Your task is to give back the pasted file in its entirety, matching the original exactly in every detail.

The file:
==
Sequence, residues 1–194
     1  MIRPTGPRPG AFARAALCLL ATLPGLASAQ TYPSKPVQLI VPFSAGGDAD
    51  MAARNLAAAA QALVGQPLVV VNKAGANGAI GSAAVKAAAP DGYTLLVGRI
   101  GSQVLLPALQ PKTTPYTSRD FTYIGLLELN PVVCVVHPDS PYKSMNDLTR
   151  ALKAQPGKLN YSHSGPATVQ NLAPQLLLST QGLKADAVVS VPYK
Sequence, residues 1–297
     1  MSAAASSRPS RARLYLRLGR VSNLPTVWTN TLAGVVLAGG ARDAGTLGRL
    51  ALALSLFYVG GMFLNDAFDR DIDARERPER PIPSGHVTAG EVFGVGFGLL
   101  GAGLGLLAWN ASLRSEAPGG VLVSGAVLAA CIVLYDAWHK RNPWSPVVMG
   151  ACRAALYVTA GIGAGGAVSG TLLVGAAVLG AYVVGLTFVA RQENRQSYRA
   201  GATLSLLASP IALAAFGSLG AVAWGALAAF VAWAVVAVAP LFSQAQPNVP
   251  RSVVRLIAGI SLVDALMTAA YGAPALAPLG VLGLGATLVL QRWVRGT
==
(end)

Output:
Sequence, residues 1–194
     1  MIRPTGPRPG AFARAALCLL ATLPGLASAQ TYPSKPVQLI VPFSAGGDAD
    51  MAARNLAAAA QALVGQPLVV VNKAGANGAI GSAAVKAAAP DGYTLLVGRI
   101  GSQVLLPALQ PKTTPYTSRD FTYIGLLELN PVVCVVHPDS PYKSMNDLTR
   151  ALKAQPGKLN YSHSGPATVQ NLAPQLLLST QGLKADAVVS VPYK
Sequence, residues 1–297
     1  MSAAASSRPS RARLYLRLGR VSNLPTVWTN TLAGVVLAGG ARDAGTLGRL
    51  ALALSLFYVG GMFLNDAFDR DIDARERPER PIPSGHVTAG EVFGVGFGLL
   101  GAGLGLLAWN ASLRSEAPGG VLVSGAVLAA CIVLYDAWHK RNPWSPVVMG
   151  ACRAALYVTA GIGAGGAVSG TLLVGAAVLG AYVVGLTFVA RQENRQSYRA
   201  GATLSLLASP IALAAFGSLG AVAWGALAAF VAWAVVAVAP LFSQAQPNVP
   251  RSVVRLIAGI SLVDALMTAA YGAPALAPLG VLGLGATLVL QRWVRGT